Analysis: Liverpool, United Rush Into Divisional Action

LONDON (AP) – Vilified by the Premier League, the government and even their own fans, the American owners of Liverpool and Manchester United launched an initiative that sought more control that turned out to be in bad taste and conflict in a period of economic turbulence in English football.

But as much as the plan conceived by John Henry and Joel Glazer irritated many, by seeking to consolidate more power in the Premier’s elite, it has resulted in a rescue of the lower categories of professional football.


Seven months into a pandemic that has driven fans away from English stadiums – and clubs have lost significant revenue – it is a situation that has overwhelmed the richest league in the world.

It’s only now that the Premier League is getting organized after getting its clubs to reject the so-called ‘Big Picture’ project, made public on Sunday by the head of the lower leagues working together with Glazer and Henry.

It is intended to force-march a plan by Richard Masters, whose limited authority was exposed in his first year as chief executive of the Premier League, where the clubs are ultimately in control.

“What I think we’re trying to do is work out the main components by the end of the year,” Masters noted of his own ‘Big Picture’ project.

It could be too late for the clubs in the third and fourth divisions, which are managed by the English Football League (EFL).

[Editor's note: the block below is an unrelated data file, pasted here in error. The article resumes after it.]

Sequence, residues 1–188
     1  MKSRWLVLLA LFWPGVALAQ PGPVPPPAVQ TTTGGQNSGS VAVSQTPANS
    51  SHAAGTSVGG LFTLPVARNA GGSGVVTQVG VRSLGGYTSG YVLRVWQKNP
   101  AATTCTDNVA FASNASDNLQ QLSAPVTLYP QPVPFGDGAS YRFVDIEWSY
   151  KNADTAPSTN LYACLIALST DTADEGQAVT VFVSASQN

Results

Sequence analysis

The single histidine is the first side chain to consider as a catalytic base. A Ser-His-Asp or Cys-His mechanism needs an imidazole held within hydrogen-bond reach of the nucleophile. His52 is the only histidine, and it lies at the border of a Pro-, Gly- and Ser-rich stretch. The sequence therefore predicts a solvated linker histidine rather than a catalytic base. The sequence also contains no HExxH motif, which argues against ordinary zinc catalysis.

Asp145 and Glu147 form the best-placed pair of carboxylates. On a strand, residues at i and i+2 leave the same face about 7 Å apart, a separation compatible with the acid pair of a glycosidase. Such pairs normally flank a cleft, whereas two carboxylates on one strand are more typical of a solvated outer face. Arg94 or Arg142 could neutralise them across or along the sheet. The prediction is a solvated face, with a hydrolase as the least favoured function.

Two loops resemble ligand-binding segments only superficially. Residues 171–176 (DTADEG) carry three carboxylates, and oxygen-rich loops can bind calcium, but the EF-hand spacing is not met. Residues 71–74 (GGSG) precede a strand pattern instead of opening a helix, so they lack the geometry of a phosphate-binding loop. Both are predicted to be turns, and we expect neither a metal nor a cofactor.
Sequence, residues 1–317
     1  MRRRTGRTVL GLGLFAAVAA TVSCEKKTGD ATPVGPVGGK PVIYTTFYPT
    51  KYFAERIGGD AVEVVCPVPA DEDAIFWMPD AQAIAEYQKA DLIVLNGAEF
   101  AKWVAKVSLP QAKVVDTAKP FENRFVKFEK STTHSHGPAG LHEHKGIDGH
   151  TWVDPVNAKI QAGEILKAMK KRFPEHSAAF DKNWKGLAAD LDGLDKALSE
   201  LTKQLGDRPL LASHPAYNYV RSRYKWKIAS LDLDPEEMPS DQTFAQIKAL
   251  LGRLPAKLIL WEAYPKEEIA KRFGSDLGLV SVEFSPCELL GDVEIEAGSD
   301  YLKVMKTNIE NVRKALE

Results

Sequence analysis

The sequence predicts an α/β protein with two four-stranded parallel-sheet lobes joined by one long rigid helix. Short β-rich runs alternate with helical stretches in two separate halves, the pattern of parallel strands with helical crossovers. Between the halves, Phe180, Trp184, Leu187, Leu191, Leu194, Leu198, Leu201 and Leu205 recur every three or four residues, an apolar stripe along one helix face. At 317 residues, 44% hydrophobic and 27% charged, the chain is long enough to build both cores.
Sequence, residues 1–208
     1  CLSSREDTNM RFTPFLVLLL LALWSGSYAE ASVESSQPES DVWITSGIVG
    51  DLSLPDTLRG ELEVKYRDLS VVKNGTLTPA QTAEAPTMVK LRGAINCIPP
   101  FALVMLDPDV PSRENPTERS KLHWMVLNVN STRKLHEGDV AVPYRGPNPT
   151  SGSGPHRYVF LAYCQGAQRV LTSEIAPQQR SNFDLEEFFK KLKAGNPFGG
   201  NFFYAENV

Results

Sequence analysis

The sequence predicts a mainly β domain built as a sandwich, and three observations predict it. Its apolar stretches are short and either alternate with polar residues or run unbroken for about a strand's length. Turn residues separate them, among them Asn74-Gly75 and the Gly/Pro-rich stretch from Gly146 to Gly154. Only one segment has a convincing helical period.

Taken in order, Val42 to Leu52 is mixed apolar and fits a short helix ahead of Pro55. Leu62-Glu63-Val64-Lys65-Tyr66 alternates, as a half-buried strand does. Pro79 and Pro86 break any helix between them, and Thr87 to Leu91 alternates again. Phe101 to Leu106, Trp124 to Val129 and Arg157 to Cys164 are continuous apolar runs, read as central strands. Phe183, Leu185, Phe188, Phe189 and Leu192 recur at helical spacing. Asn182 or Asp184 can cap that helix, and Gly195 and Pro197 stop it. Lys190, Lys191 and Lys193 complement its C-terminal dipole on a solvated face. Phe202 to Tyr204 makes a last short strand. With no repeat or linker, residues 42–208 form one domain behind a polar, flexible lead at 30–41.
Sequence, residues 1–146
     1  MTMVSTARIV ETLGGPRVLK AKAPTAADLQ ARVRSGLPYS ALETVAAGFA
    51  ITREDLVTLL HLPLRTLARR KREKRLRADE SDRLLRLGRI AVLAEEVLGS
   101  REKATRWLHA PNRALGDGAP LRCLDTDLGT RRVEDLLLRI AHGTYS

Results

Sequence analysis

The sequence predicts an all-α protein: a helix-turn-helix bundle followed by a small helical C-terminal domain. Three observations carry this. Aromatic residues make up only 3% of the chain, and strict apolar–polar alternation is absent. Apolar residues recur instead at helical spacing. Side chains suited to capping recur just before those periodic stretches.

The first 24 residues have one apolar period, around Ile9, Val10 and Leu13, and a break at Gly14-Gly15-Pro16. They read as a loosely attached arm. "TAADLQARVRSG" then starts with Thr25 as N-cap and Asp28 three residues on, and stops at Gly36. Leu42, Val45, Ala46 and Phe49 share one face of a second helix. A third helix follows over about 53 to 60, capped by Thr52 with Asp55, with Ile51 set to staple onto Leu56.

“There is despair,” said Ian Mather, executive director of the fourth category Cambridge United club, in an interview with Sky News. “There are teams that are going to go bankrupt unless we reach an agreement and we do it soon.”

The uncertainty did not prevent Cambridge from following in the footsteps of Liverpool and United from attracting US investors: two businessmen last month acquired a 20% stake in the joint, a sign of the attractiveness of the lower-tier clubs.

The Premier League sidelined any bailout of the second division championship, which helped EFL teams reject a bailout proposal Thursday as insufficient. Grants and interest-free loans of £ 50 million ($ 65 million) were proposed for teams in Leagues One and Two in addition to solidarity payments of £ 27.2 million already made this year.

The Premier League is ready to offer emergency help to the teams that need it most. But the reluctance to expedite cash to the lower leagues is understandable when their financial difficulties were evident even before the pandemic. Cambridge reported losses of more than 800,000 pounds annually in recent years, after their wages outstripped their income.

The ‘Big Picture’ project envisaged sharing more than 25% of the Premier’s core revenue, less operating costs and contributions to good causes. But at the same time allowing the six major teams to effectively take control through preferential voting and widening the gap in the Premier by changing the formula for distributing cash from television. The size of the Premier also would have been reduced from 20 to 18 clubs.

Interestingly, Masters is open to reducing the number of teams in the Premier, which began as an EFL spinoff with 22 clubs in 1992 before eliminating two in 1995.

“Part of the review will be the size and shape of the Premier League and the pyramid itself,” Masters stated. “We have a clear path forward and the uncertainty is very dangerous, and I think we have resolved the uncertainty.”